- B items represent a moderate amount of inventory and moderate consumption of resources
- C items account for a large amount of inventory and small consumption of resources
To put this numerically, A equipment may only represent 20% of the fleet; however, it could account for 60% of operating costs. B equipment would represent 30% of the fleet and 25% of operating costs, and C equipment would account for 50% of the fleet and 10% of operating costs.
Understanding the importance and use of these assets is key to overall cost control efforts. Your A items normally account for specialty equipment, designed to accomplish specific tasks. However, this equipment often carries the highest acquisition and maintenance costs.
As technology advances, fleet managers can no longer rely on what they have always purchased to continue their operational efficiencies. Conducting front-end research and following a systematic approach will help lessen the burden of determining operational requirements of work vehicles.
Begin by defining what the work truck needs to do. The following questions should be answered before designing a new vehicle:
- What is the primary purpose of the truck?
- What are the towing payload requirements?
- What is the unit’s operating environment?
After addressing these basic functional questions, look at performance requirements and technical solutions for increasing efficiency. What is the desired maximum speed at full capacity? Have you accounted for special equipment—dimensionally and operationally?
Consider the operating conditions and environment. Will this equipment be used in urban or rural conditions? What is the anticipated topology (e.g., is terrain mostly hilly or level)? Take environmental factors into account. Will the vehicle operate in snowy and salty conditions?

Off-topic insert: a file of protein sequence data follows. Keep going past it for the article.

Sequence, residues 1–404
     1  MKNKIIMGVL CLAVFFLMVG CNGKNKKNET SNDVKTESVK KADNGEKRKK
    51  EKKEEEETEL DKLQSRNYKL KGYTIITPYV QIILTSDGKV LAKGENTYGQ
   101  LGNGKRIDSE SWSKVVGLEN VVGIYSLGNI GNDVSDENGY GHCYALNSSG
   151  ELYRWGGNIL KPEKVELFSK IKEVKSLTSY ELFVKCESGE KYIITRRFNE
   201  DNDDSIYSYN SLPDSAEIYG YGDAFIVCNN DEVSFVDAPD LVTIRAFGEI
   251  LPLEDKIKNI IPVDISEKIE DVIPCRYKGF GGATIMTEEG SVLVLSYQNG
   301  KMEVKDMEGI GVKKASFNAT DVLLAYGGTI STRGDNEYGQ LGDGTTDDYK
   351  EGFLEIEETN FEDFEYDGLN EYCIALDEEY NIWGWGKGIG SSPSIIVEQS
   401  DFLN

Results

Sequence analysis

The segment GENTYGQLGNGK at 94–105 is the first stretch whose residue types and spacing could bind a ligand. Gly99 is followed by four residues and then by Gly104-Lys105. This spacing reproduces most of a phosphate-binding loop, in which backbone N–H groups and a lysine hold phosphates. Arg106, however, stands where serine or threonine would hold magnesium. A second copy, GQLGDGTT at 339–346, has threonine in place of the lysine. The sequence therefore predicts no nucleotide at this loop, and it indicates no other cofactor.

Adjusting your truck design to these metrics can decrease costs through risk mitigation, reduced maintenance, and extended truck life. For example, consider upgrading transmission and engine cooling systems for vehicles operating in high-temperature regions. Relocate air tanks or use remote drain systems in humid climates. Use heated mirrors, windows, and upgraded air dryers in extreme cold regions.
Review maintenance histories of your existing fleet. Looking at failure points can help identify where adjustments are needed. Either changing the specification or matching the proper type of equipment for the defined job will ensure optimal efficiency.
Using accurate data to drive design changes can improve performance and assist in reducing operating expenses. Taking a few steps to capture specific data can help fleet managers increase operational output and productivity. For most businesses and organizations, resources are limited. Collecting specific information on units that consume the highest amount of resources (i.e., fuel, maintenance, acquisition cost) will likely provide data that can be turned into savings by analyzing and adapting operations.
ABOUT THE AUTHOR
Christopher Lyon serves as NTEA’s director of fleet relations. This article was first published by NTEA on February 21, 2017. Find out more, visit www.ntea.com/fleetresources.